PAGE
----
Indonesia, Southeast Asia’s largest economy, is eagerly courting foreign investors as key drivers of economic growth in a nation where nearly half the population is younger than 30.

Top economic minister Airlangga Hartarto on Wednesday sought to calm protesters and said many of their fears were based on false information, according to Reuters.

“I can assure you wages will not be cut,” he told a virtual news conference.

The Jakarta Post reports that the "government and lawmakers have also agreed to lower maximum severance pay for laid off workers and introduce a new unemployment fund (JKP), which effectively means the government will shoulder part of the company’s cost when they lay off their workers. According to the law, employers could pay a maximum of 19 times the monthly salary, and an additional six times the monthly salary will be paid by the government through the JKP scheme."
Other ministers have defended controversial provisions, including a land bank, saying the government would not take away farmers’ lands and the law would not weaken environmental protection, reported Reuters.

Last year, Mr. Widodo told The Associated Press that he will push ahead with sweeping and potentially unpopular economic reforms, including a more business-friendly labor law, in his final term because he is no longer constrained by politics.

“In the next five years I have no political burden so in making a decision, especially important decisions for the country, in my opinion it will be easier,” Mr. Widodo said.

This story was reported by The Associated Press. Reuters writers Agustinus Beo Da Costa and Tabita Diela in Jakarta, Indonesia, contributed to this report.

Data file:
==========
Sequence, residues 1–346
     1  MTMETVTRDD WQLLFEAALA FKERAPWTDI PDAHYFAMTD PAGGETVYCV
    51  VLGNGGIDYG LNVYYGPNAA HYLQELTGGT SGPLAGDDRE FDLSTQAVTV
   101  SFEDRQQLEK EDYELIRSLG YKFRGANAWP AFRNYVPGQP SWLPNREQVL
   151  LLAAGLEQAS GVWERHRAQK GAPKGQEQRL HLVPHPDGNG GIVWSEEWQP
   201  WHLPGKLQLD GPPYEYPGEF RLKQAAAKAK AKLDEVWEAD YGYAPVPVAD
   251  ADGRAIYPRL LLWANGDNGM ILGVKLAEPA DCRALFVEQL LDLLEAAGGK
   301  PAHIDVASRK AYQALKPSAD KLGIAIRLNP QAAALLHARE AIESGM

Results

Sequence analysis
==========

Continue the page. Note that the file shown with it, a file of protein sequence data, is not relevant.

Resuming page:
You've read  of  free articles. Subscribe to continue.
Real news can be honest, hopeful, credible, constructive.
What is the Monitor difference? Tackling the tough headlines – with humanity. Listening to sources – with respect. Seeing the story that others are missing by reporting what so often gets overlooked: the values that connect us. That’s Monitor reporting – news that changes how you see the world.

Dear Reader,

About a year ago, I happened upon this statement about the Monitor in the Harvard Business Review – under the charming heading of “do things that don’t interest you”:

“Many things that end up” being meaningful, writes social scientist Joseph Grenny, “have come from conference workshops, articles, or online videos that began as a chore and ended with an insight. My work in Kenya, for example, was heavily influenced by a Christian Science Monitor article I had forced myself to read 10 years earlier. Sometimes, we call things ‘boring’ simply because they lie outside the box we are currently in.”

If you were to come up with a punchline to a joke about the Monitor, that would probably be it. We’re seen as being global, fair, insightful, and perhaps a bit too earnest. We’re the bran muffin of journalism.

But you know what? We change lives. And I’m going to argue that we change lives precisely because we force open that too-small box that most human beings think they live in.

The Monitor is a peculiar little publication that’s hard for the world to figure out. We’re run by a church, but we’re not only for church members and we’re not about converting people. We’re known as being fair even as the world becomes as polarized as at any time since the newspaper’s founding in 1908.

We have a mission beyond circulation, we want to bridge divides. We’re about kicking down the door of thought everywhere and saying, “You are bigger and more capable than you realize. And we can prove it.”

If you’re looking for bran muffin journalism, you can subscribe to the Monitor for $15. You’ll get the Monitor Weekly magazine, the Monitor Daily email, and unlimited access to

QR Code to Thousands of students, workers protest Indonesia labor law
Read this article in
QR Code to Subscription page
Start your subscription today